Stephen E. Arnold: Google Goes Senile

IO Impotency
Stephen E. Arnold
Stephen E. Arnold

Google Investing Billions to Get Billions. Obviously.

I read “5 Google Projects That Will Pave the Future.” The title confused me. I think the author wanted me to think that Google was paving the way to the future. What I interpreted the title to mean is that Google wants to cover the future with Google’s own digital macadam.

The point of the write up is that Google is doing some big, speculative projects. Bell Labs used to do this, but without the fanfare. But there is a public relations and marketing battle underway among the giant companies that seek to monopolize markets if not the “future.”

The write up mentions Project Loon (the big balloons that will deliver Internet access to folks without the benefit of non balloon methods), Calico (this is the live forever stuff that recently experienced the departure of a nanotech self assembler due to some differing opinions), robots (mobile, smart gizmos that entrances the folks at DARPA), self driving cars (more time to surf the Web and consume ads in a vehicle), and DeepMind (more of the artificial intelligence hoo hah).

Good stuff for those who consumed science fiction, Star Trek, and Star Wars. The only problem is that those billions have to come from someplace. That’s a point overlooked in the Loon plus four article.

That’s why you will want to read “Dear Google, I Am Writing an Open Letter from the Search Wilderness.” The main point of this write up is that Google is investing considerable time and effort to generate revenue from its traffic. I suppose this is obvious to most Mad Ave types, but it appears to have come as a surprise to the author of this letter.

The passage I highlighted was:

It is now a directory of large public or soon to be public companies, who dominate every inch of our screens. I am sure we have all walked down many high streets with all the same chain stores and brands. This is Google Search today across many of the world’s markets. Gone is the opportunity to explore and unearth gems and engage with individuals on the world’s largest stage where a digital high street could have a thousand specialist shops with ease. There are sophisticated ways and means to search and uncover the unusual, the new and the people who care and services that actually work. But directionally, “Search” heads to the money instantly!

Note the phrase “heads to the money instantly.” Here at Beyond Search, I am indifferent to traffic, PageRank, speed with which Google indexes the content, and anything other than the topics that catch my attention. The reason is that I am retired and this blog is a way to fill time between walking my dogs and napping.

For the author of the letter, Google’s focus on money is, it appears, destroying his business. Well, that’s what happens when one builds on a free service. Personally I think Google can destroy as many businesses as necessary to generate money for:

  • Projects like Loon
  • Flying around to cut deals for Google Glass
  • Replace people like Babak Amirparviz (aka Parviz, Parvis, and Amir Parviz)
  • Paying for Google health care so some Googlers can spend three months in Stanford’s medical facilities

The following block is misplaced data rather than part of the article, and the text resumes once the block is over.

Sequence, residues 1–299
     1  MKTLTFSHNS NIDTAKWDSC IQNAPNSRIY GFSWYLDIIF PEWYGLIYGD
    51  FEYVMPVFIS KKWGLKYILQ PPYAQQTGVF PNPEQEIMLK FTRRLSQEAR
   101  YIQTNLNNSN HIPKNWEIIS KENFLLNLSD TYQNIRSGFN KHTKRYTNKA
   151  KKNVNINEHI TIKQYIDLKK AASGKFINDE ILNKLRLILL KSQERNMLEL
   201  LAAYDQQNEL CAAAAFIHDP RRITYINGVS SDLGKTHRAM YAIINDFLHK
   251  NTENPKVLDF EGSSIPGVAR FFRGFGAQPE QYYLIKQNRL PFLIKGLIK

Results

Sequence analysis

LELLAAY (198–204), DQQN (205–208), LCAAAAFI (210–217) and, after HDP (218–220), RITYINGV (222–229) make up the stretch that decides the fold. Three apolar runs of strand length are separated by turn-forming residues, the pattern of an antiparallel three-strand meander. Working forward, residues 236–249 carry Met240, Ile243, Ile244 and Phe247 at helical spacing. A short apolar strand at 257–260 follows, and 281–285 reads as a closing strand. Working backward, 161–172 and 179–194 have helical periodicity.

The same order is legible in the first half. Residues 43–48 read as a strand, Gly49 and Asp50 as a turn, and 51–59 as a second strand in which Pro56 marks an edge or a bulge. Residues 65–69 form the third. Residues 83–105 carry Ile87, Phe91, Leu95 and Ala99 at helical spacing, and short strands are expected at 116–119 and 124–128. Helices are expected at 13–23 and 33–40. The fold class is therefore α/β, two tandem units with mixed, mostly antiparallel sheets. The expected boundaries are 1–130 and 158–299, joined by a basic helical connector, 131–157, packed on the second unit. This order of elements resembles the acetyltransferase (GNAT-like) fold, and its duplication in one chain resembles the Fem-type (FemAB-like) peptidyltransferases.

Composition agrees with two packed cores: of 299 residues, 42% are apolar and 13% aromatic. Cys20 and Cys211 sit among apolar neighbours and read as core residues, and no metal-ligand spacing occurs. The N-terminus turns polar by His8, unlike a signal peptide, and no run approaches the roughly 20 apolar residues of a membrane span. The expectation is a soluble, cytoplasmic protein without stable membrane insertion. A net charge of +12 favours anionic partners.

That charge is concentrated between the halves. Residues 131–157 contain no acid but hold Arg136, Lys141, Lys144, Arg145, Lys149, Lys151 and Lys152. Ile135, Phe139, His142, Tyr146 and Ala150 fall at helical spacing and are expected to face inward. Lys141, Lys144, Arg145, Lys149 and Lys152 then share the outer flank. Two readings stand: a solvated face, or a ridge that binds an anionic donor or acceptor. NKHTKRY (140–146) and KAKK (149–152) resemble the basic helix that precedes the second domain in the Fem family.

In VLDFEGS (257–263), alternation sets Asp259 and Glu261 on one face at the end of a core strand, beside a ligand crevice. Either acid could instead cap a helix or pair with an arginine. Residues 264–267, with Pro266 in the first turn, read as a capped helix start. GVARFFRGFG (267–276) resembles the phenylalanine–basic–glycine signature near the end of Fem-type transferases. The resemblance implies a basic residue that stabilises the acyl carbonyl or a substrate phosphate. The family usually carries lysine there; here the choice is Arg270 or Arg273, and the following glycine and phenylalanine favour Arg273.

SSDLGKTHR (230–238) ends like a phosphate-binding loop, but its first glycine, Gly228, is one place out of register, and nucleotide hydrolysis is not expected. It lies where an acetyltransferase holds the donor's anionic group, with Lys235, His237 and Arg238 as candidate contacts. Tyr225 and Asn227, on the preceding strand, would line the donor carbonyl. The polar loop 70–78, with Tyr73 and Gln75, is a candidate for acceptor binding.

• Paying for jets
  • Using Steve Ballmer’s running into the wall method to crack into money making television
  • Buying companies to amplify usage behavior capabilities.

These initiatives cost money.

I find the complaining in this open letter like King Lear’s howling in the storm:

Lets face it though, with so few slots its a money page now, not a joy to visit any longer!

Wow. Harsh. Google results are not objective and fun.

Here’s an even more subversive view of Google’s search system which cost billions to develop:

So quite interestingly the guest who has relied on Google to sort his problems and assist in his own search has been guided by Google’s very own algorithm to a hotel or holiday home that is not necessarily the best for him, at the best price or with the best amenities who often stands no chance of communicating with the accommodation provider until he has booked! Pay up and hope for the best as the business has no product knowledge, location familiarity, in depth business knowledge, controls or quality control in place!

And here is a thought that I have never entertained:

The consumer may just look elsewhere and try other search engines, as all he may see are the high street brands, the ones he was overjoyed to have dodged when the web was in its infancy and when Google Search revealed a whole myriad of exciting new places, people and products!

Well maybe.

The point is that Google is essentially operating as a country. The country’s productivity has to go up. In order to pump up the revenue, the altruism and baloney like “do no evil” or “make all the world’s information accessible” are shibboleths for monetization.

What I find interesting is that Google’s business model is not a Google invention. The idea for pay to play came from GoTo.com (Overture.com). Yahoo owned this company. Google was inspired by Overture’s revenue methods and Yahoo settled for some money in a mild dispute about the use of this monetization method.

You can believe in Loon. I believe in what Google does after 15 years: Sell ads. Last time I checked, the folks with the money can buy lots of ads. Folks who cannot afford to advertise need to find their future elsewhere.

If some Web sites get zero traffic, well, get on that social media tsunami. Google has a mission to deliver revenues and profits every 90 days. That mission does not necessarily coincide with that of others. If you are unfamiliar with this Google process, find and MBA and ask.

Stephen E Arnold, August 10, 2014